The Court reached this decision in a case involving online stalking without addressing the question of whether the true threat exception even needs to be invoked in such cases. Given that stalkers often have mental issues, proving a subjective mental state can be particularly problematic in this context. The question the Court did not answer may be more important than the one it did. Here are the facts of the case.


Billy Counterman evidently became obsessed with a Colorado singer-songwriter named Coles Whalen. Ms. Whalen is identified by initials in the opinion, but she filed an amicus brief in the Court using her full name, so I will use it today.  Counterman sent her hundreds of Facebook messages, which became increasingly ominous with time. She tried to cut him off, but he evaded these efforts multiple times by opening new accounts. Among the messages were "F off permanently" and "Staying in cyberlife is going to kill you" and "You're not being good for human relations. Die." Other messages indicated that he was surveilling her, identifying who she was with, and what kind of vehicle she was in.


All this caused Ms. Whalen severe anxiety, causing her to lose sleep, cancel concerts with resulting financial loss, and curtail her social life. Counterman was initially charged under two subsections of Colorado stalking law. One of them requires that the defendant have made a credible threat. The other does not mention threats or content of communication at all. Instead, it prohibits certain conduct or communications made in a manner that would cause a reasonable person to suffer serious emotional distress. 


The threat count was dismissed before trial, and the case went to trial solely on the second count. Counterman was convicted and sentenced to four and a half years in prison. The First Amendment generally prohibits government restrictions of the content of speech. And any regulation must fit within narrow exceptions to that general rule to be valid. On the other hand, the government has much greater latitude to limit the time, place, and manner of speech if it does so in a way that is neutral as to content.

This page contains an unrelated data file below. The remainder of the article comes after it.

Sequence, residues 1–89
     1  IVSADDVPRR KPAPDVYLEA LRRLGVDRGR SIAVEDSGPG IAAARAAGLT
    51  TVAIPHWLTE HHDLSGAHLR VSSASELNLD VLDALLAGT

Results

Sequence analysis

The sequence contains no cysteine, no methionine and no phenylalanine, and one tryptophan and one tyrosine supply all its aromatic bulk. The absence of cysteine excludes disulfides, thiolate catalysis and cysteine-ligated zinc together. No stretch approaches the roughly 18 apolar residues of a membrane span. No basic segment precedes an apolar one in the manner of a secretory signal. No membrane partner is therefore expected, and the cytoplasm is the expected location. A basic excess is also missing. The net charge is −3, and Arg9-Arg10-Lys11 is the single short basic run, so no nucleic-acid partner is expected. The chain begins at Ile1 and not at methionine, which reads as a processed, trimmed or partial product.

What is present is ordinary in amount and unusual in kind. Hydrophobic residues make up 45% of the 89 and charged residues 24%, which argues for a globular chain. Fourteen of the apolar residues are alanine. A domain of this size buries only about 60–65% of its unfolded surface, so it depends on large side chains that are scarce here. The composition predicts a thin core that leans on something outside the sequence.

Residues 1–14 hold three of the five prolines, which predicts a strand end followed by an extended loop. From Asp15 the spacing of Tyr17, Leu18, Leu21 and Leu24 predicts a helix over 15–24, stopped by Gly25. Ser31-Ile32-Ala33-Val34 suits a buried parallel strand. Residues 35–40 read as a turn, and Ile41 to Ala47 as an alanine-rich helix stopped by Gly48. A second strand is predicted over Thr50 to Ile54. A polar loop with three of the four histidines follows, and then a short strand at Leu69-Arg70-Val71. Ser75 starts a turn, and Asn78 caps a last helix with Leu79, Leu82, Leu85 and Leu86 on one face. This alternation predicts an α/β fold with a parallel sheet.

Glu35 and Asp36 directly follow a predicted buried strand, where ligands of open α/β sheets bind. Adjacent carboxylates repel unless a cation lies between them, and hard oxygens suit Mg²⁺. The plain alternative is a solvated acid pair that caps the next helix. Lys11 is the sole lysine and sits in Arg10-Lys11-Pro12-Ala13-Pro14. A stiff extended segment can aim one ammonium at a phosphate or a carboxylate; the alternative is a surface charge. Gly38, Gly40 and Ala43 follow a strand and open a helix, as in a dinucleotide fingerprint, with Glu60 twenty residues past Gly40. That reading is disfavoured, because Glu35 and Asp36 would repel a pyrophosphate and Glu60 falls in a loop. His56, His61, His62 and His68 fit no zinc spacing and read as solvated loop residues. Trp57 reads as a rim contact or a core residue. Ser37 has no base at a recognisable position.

For example, the government can ban sound trucks that roll down the street blasting a message at ear-splitting volume, as long as the restriction is based purely on the volume, and not on the content of the message. Despite this distinction, the state defended its prosecution of Counterman on the basis of the true-threats exception to the content regulation of speech. The Colorado Court of Appeals affirmed, based on a Colorado Supreme Court precedent, that the status of speech as a threat was determined objectively from how a reasonable person would understand the speech, considering the context.


Justice Sotomayor, in an opinion concurring in part, and concurring in the judgment, noted, in her words, "The lower court's doubtful assumption that petitioner could only be prosecuted if his actions fell under the true-threats exception," which she did not think was accurate.  She noted that "The prosecution of this kind of repeated and clearly unwanted communication does not present the same kind of danger to free expression that prosecution of individual statements does." 


The majority just ignored all that, along with two amicus briefs addressing the issue — one of which was my organization's brief — and decided the case as a true-threats case, based on the way the case was handled in the lower courts. Now, it is entirely defensible for the Court to take the issue as presented by the parties and decided by the lower court. But usually, in such cases, there is a statement to the effect that the Court expresses no opinion on the issues not addressed.